Communications Department

The Communications Department serves as the press and media office, acts as media representative for the House of Representatives, its President, the Presidium, the parliamentary committees and the administrative management and provides facilities to journalists. Communications Department can be contacted via the general telephone number +31(0) 70 – 318 3003, the general e-mail address or via the entrance at Lange Poten 4.

Press pass

Parliamentary journalists can apply to the Communications Department for a press pass that enables access to the buildings of the House of Representatives (with a maximum period of validity of two years). Journalists whose work takes them to the House of Representatives on a more or less daily basis are designated as parliamentary journalists. This can be verified by means of a letter from their editor-in-chief.

Temporary pass

Journalists who occasionally need access to the House of Representatives for their work are issued with a temporary access pass by the Communications Department (Room H215). They must show valid proof of identity and a valid press pass. The temporary access pass is valid for no more than a single day and must be handed in at the entrance at Lange Poten 4 (at the security desk) after use. Temporary access passes with a longer period of validity may be issued in exceptional cases.

In the absence of a press pass, journalists must be able to show a letter on official notepaper from the editor-in-chief confirming their assignment.

Photography/recording guidelines

Guidelines apply for sound and/or image recordings (this explicitly includes photography) in the buildings of the House of Representatives. The guidelines have been posted at and are available from the Communications Department. The guidelines also apply to journalists who make image or sound recordings using their own equipment (mobile phone, for example).


Journalists who have a permanent or temporary access pass have free movement within the buildings of the House of Representatives, with due observance of the rules and with the exception of the following areas on the first floor:
- The lobby area (Wandelgang) behind the Plenary Hall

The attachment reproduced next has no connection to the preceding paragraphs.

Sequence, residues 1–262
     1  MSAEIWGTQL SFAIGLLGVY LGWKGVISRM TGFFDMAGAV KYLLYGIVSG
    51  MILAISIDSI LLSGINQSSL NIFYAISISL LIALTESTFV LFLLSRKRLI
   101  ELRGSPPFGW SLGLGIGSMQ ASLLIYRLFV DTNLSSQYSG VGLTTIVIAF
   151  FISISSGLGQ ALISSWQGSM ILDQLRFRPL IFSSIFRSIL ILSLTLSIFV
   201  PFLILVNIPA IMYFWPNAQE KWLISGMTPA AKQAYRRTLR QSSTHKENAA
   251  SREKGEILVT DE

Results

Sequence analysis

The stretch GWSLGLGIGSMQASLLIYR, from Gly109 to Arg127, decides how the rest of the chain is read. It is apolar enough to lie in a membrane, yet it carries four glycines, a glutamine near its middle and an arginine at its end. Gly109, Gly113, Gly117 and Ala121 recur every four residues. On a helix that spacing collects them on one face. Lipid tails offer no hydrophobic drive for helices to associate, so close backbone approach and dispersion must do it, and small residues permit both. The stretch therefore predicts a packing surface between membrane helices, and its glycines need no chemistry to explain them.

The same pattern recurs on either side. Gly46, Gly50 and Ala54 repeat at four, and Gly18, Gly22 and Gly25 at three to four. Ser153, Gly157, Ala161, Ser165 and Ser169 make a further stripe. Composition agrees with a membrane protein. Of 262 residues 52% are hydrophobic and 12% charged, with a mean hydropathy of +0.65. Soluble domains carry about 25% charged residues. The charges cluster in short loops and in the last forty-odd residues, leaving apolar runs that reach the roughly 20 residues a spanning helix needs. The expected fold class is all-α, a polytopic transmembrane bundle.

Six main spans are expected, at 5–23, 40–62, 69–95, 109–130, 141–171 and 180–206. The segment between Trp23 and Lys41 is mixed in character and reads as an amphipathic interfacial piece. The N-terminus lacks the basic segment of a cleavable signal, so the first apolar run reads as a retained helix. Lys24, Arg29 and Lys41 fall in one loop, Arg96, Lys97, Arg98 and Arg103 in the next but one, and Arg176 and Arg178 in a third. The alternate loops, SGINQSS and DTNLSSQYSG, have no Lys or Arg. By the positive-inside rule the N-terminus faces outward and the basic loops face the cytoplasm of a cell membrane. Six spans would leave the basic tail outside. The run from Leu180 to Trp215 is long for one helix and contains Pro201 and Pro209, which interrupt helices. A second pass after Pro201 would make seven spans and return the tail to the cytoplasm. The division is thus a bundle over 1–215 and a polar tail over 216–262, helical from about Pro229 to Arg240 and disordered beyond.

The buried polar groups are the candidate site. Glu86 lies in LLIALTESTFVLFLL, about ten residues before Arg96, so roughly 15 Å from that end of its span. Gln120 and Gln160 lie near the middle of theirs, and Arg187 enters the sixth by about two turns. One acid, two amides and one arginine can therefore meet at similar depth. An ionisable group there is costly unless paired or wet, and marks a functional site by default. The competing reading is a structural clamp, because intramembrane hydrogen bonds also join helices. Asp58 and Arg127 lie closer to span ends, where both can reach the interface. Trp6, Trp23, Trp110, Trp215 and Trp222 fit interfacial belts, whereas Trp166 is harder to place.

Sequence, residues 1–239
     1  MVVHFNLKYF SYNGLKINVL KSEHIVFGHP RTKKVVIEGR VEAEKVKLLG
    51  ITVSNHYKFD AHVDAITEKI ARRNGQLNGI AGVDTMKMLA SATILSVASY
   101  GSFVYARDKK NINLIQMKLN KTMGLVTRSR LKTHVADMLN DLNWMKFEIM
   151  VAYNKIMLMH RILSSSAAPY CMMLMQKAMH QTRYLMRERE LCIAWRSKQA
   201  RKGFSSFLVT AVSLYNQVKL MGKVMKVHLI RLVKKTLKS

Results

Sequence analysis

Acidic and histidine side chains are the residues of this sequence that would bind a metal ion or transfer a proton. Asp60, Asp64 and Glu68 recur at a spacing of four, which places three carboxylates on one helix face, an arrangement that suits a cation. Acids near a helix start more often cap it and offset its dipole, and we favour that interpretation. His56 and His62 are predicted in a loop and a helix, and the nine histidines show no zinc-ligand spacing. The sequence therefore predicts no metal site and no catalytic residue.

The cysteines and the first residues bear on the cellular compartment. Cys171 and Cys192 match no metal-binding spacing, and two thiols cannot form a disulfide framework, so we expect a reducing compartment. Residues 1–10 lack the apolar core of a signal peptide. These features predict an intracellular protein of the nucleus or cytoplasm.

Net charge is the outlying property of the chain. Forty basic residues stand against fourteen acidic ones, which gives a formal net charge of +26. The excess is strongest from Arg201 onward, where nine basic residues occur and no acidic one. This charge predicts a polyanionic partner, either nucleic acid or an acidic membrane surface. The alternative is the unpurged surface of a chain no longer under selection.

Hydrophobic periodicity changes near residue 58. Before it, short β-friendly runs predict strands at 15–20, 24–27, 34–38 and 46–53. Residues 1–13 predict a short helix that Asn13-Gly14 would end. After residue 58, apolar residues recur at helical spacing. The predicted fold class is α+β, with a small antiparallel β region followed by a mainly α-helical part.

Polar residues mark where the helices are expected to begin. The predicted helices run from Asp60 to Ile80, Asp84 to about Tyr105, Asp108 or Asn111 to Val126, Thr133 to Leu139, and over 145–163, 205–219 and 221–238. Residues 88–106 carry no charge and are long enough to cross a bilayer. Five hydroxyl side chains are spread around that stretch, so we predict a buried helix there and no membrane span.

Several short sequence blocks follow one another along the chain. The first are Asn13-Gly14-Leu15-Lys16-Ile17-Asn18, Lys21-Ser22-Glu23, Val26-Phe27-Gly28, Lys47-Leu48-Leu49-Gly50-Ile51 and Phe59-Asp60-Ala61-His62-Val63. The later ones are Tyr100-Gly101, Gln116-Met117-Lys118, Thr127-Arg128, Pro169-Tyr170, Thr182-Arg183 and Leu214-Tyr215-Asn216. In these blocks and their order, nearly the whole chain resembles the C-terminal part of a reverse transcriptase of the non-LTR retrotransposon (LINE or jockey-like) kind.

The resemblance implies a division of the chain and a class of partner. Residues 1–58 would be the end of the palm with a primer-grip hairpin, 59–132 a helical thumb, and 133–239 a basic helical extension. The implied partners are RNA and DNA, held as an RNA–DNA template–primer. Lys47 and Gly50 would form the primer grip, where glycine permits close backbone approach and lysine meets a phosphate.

- The Government Unit (Regeringsunit);
- The members' restaurant (Ledenrestaurant).
At certain times, rooms and corridors may be accessible to parliamentarians, officials, parliamentary group staff and invited guests only.
Rooms being used by parliamentary groups may not be entered without prior permission from the parliamentary group concerned. Journalists are not permitted to access or make recordings in the areas around the entrances to the parliamentary group rooms without the express permission of the parliamentary group spokespersons.

Parliamentary Press Association

The parliamentary journalists have formed their own Parliamentary Press Association (Parlementaire Persvereniging, PPV), which has its own committee. The committee decides who is permitted to join the PPV. Journalists must usually specialise in parliamentary or political reporting in order to gain membership. Application forms for membership are available from the PPV chairperson, Joost Vullings.

Use of mobile phones

Mobile phones and other mobile equipment may not be used when parliament is sitting. When entering parliamentary halls or committee rooms, journalists must ensure that no disruption is caused by incoming calls or messages.

Press room

In the press room, three computers are available, together with a photocopier with integrated fax. This press room (P203) is located in the media tower (Mediatoren) adjacent to the Communications Department.

In the Plenary Hall, a total of 44 seats are reserved for the press in the press gallery. Some of these are pre-allocated to editorial teams on a permanent basis. In the rooms where public committee meetings are held, spaces are reserved for the press on the long table, in front of the first row of the public gallery.

Some editorial teams have their own workspace in the media tower. Users are charged for these rooms.

Information about parliamentary sittings, votes, press releases and SMS text alerts

Press releases are distributed via e-mail and published at Depending on the nature of the press release, they may also be issued to editors. Urgent press releases (announcements of press conferences scheduled at short notice) are distributed as quickly as possible.